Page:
The log file configuration. Telodendria uses its own logging facility, which can output logs to standard output, a file, or the syslog. This directive is required, and it takes an object with the following directives:
The lot output destination. If set to file, Telodendria will log to telodendria.log inside the dataDir.
The level of messages to log at. Each level shows all the levels above it. For example, setting the level to error will show only errors, while setting the level to warning will show warnings and errors. notice shows notices, warnings, and errors, and so on. The debug level shows all messages.
If you want to customize the timestamp format shown in the log, or disable it altogether, you can do so via this option. Acceptable values are none, default, or a formatter string as described by your system's strftime(3). This option only applies if log is "stdout" or "file".
Whether or not to enable colored output on TTYs. Note that ANSI color sequences will not be written to a log file, only a real terminal, so this option only applies if the log is being written to a standard output which is connected to a terminal.

This option only applies if log is "stdout".

How many worker threads to spin up to handle requests. This should generally be less than the total CPU core count, to prevent overloading the system. The most efficient number of threads ultimately depends on the configuration of the machine running Telodendria, so you may just have to play around with different values here to see which gives the best performance.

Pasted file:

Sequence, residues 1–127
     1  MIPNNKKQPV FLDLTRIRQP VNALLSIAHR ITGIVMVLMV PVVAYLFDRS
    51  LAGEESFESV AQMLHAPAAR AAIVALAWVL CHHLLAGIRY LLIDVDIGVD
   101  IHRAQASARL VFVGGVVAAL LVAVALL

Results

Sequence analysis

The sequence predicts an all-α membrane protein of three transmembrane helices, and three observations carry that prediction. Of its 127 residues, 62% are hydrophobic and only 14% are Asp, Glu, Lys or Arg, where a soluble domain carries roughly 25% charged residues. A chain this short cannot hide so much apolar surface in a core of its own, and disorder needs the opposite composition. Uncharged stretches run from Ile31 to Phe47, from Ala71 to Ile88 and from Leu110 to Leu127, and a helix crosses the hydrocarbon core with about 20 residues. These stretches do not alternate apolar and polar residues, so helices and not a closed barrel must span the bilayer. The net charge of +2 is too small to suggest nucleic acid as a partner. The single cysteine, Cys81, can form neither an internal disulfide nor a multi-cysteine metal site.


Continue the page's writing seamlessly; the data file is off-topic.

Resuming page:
The maximum number of simultanious connections to allow to the daemon. This option prevents the daemon from allocating large amounts of memory in the even that it undergoes a denial of service attack. It typically does not need to be adjusted.
The maximum size of the cache. Telodendria relies heavily on caching to speed things up. The cache grows as data is loaded from the data directory. All cache is stored in memory. This option limits the size of the memory cache. If you have a system that has a lot of memory, you'll get better performance if this option is set higher. Otherwise, this value should be lowered on systems that have minimal memory available.

The default telodendria(8) configuration file.
The recommended data directory.

Please consult the default telodendria.conf that ships with Telodendria for a complete example. If you installed Telodendria as a package, then the example should be located at the default location. If you are building from source, you can find the default config in the contrib/ directory.


February 15, 2023 Telodendria Project